On Tuesday, three current or former Chicago cops were indicted on charges of conspiring to cover up the fatal shooting of black teenager Laquan McDonald by a fellow officer nearly three years ago. The indictment reads that the cops attempted to, “conceal the true facts of the events surrounding the killing of Laquan McDonald,” according to the Washington Post.
The indictment alleges that the three officers—Detective David March, Joseph Walsh, and Thomas Gaffney—knowingly filed false reports in the hours and days immediately following the shooting, in an attempt to forestall the possibility of a criminal investigation. The officers have each been given a conspiracy charge and an official misconduct charge, which carry sentences of up to five years, according to NBC News. The indictment also suggests that even more officers—“others known and unknown”—were involved in the alleged cover-up.
Patricia Brown Holmes, the special prosecutor who announced the indictment, said in a statement: “The indictment makes clear that these defendants did more than merely obey an unofficial ‘code of silence,’ rather it alleges that they lied about what occurred to prevent independent criminal investigators from learning the truth.”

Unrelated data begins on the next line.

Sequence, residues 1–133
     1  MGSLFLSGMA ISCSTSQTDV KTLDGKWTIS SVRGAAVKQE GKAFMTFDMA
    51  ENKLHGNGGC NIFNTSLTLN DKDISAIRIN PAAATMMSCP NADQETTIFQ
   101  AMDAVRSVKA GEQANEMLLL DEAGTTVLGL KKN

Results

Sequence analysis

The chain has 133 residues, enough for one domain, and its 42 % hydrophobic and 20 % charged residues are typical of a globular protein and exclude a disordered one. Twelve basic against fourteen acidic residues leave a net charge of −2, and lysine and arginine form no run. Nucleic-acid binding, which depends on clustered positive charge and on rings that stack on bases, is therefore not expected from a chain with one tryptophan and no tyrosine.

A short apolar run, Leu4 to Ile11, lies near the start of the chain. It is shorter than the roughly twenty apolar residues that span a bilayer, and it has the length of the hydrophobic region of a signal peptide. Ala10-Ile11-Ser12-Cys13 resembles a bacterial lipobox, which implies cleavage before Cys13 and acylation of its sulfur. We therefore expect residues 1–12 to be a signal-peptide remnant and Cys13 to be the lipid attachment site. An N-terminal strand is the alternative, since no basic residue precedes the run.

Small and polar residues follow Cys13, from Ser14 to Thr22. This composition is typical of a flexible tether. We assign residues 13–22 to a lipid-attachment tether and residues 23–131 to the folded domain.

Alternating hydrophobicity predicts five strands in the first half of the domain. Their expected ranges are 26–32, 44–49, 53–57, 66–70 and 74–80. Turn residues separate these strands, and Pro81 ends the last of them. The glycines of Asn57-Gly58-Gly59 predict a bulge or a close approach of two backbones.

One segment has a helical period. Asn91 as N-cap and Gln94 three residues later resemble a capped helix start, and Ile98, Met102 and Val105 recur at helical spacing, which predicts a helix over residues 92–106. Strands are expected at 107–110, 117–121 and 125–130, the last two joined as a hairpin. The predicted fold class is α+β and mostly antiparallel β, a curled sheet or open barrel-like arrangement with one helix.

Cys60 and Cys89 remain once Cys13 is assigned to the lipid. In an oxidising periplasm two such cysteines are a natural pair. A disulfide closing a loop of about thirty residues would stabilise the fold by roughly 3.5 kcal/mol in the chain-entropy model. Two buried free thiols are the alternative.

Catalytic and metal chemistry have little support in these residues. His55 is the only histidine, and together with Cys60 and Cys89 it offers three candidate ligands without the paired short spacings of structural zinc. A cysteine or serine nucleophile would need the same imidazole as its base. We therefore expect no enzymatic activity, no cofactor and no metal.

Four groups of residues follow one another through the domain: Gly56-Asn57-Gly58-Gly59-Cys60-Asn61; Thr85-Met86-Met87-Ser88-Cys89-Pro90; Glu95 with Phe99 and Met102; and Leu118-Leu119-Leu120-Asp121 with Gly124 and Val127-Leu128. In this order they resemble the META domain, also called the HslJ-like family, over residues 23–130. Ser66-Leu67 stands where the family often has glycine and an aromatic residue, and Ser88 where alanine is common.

More than a year after McDonald was killed in October 2014, authorities released video footage of Officer Jason Van Dyke firing 16 rounds at the teenager as he was walking away. The police union had previously claimed that 17-year-old McDonald was walking towards the officers and brandishing a knife when Van Dyke shot him to death. The same day the video was publicized, Van Dyke was charged with murder. The video also resulted in Chicago Mayor Rahm Emanuel firing the police superintendent, Garry McCarthy.
In December 2015, the Justice Department opened a wide-ranging investigation into the Chicago Police Department’s conduct to determine whether it, “engaged in a pattern or practice of violation of the Constitutional or federal law.” Then, in April, Attorney General Jeff Sessions, announced that all so-called “consent decrees” between the Justice Dpartment’s civil rights division and local law enforcement will be subject to review by his tow top deputies, making it unclear whether any of them will be left intact. Civil rights advocates pointed out at the time that the memo could endanger the pending reform agreement between the Justice Department and the CPD that was supposed to be the crowning achievement of the recent investigation.